Two lives under the spell of the ice
Ambitious, meticulous, obsessed with the poles – these traits describe the Norwegian Roald Amundsen as well as the German Erich von Drygalski. Both were pioneers of polar research, but they could hardly have been more different. While one was pursuing a record, the other was striving to understand the larger picture.
Roald Amundsen (1872–1928) – in pursuit of fame
Since the age of 15, South Pole conqueror Roald Amundsen had known only one ambition – to enhance our knowledge of the world’s polar regions. He associated the word “knowledge”, however, primarily with geographical information rather than a deeper understanding of the nature and climate of the polar regions. On his expeditions, the Norwegian mostly left scientific observations to the specialists, although he himself was competent in various measurement methods. Before his expedition to the Northwest Passage, for example, Amundsen spent several months learning theory from the German Georg von Neumayer, who at the time was a leading expert in geomagnetics. He wanted to learn how to measure the Earth’s magnetic field. Furthermore, on a preparatory cruise for the same expedition, he collected oceanographic data for his mentor Fridtjof Nansen.
But science did not excite him. Amundsen was much more interested in the techniques and methods that could contribute to the success of his expedition plans. On the Belgica Expedition to Antarctica (1897–1899) Amundsen, as second officer, had learned that details could be crucial in the planning of an exploration cruise. The crew had survived the threat of scurvy, a disease caused by a deficiency of vitamin C, by following the advice of the ship’s doctor Frederick A. Cook and eating fresh penguin meat during the winter instead of the stores of canned food.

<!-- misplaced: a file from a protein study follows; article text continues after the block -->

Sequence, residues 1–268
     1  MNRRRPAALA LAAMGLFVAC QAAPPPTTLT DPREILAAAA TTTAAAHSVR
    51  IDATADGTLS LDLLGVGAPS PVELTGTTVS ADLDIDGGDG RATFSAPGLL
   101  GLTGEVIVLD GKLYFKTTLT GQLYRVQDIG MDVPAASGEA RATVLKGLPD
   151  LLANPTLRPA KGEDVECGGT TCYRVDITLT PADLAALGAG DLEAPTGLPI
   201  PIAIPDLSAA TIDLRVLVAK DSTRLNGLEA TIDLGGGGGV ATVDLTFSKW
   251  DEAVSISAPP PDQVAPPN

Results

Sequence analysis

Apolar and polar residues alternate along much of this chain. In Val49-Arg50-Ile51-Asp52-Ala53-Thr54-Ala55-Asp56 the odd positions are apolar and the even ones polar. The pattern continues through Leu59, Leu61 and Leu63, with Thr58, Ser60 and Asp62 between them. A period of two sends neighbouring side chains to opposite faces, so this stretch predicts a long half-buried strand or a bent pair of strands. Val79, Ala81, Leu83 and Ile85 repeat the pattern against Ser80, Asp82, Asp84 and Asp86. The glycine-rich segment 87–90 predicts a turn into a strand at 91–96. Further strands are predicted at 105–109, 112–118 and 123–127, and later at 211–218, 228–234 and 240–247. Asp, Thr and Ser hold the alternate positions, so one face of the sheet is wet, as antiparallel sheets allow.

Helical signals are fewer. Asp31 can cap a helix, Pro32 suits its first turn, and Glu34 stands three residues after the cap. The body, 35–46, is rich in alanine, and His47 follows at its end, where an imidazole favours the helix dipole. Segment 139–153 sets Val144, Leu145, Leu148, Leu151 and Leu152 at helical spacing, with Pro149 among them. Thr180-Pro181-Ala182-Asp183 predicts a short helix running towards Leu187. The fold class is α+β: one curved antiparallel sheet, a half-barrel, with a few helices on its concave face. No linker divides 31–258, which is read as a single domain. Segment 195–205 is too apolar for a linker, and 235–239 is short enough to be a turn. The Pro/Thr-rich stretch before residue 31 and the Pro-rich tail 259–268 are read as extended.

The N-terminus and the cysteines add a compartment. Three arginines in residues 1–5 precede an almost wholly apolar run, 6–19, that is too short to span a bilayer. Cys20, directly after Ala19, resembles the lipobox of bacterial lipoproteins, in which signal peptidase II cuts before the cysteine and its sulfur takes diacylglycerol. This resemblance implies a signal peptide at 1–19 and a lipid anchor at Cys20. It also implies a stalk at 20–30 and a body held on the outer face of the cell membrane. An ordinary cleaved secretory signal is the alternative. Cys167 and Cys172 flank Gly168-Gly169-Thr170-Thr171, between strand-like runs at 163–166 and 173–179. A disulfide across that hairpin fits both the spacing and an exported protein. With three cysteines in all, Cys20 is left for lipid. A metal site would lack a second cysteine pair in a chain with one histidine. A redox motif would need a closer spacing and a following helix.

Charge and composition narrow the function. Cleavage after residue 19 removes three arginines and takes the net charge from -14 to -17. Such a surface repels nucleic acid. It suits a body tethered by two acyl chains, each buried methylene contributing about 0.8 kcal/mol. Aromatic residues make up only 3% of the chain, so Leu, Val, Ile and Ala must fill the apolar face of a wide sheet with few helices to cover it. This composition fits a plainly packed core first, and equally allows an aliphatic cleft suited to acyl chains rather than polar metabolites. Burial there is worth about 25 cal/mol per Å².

Amundsen was fascinated by pragmatic solutions. During his voyage through the Northwest Passage (1903–1906), he learned from Eskimos how to build igloos and how to harness dogs to pull sledges. He marvelled at their windproof reindeer-skin clothing and wore it himself from that time on. For his march to the South Pole he successfully used dog sledges and skis as a means of transport, and for his airship flight over the North Pole he had a solar compass built in Berlin, which the pilot could use to accurately navigate northwards.
Amundsen was a born leader and also applied the highest standards in the selection of his team. His crew was always well trained and hand-picked, and comprised only as many men as were absolutely necessary for success. Everyone on board was given multiple duties. In this way Amundsen prevented boredom from becoming a problem, and increased the sense of responsibility in his men.
When it came to his reputation and honour as an explorer, however, he could make decisions without regard for the considerations of his companions. In 1910, for example, he informed most of the crew of his research vessel Fram at some point after leaving Oslo that he did not intend to sail towards the North Pole as they had all believed, but would instead set a course for Antarctica in order to be the first man to reach the South Pole. Because Frederick A. Cook in 1908 and Robert Peary in 1909 had purportedly already been to the North Pole – two reports which later turned out to be false, as both had only come close to the Pole – Amundsen at least wanted to achieve success in the south. Before their departure he had only revealed their true destination to his brother Leon, who was in charge of the business side of the expeditions, Captain Thorvald Nilsen, and the two helmsmen.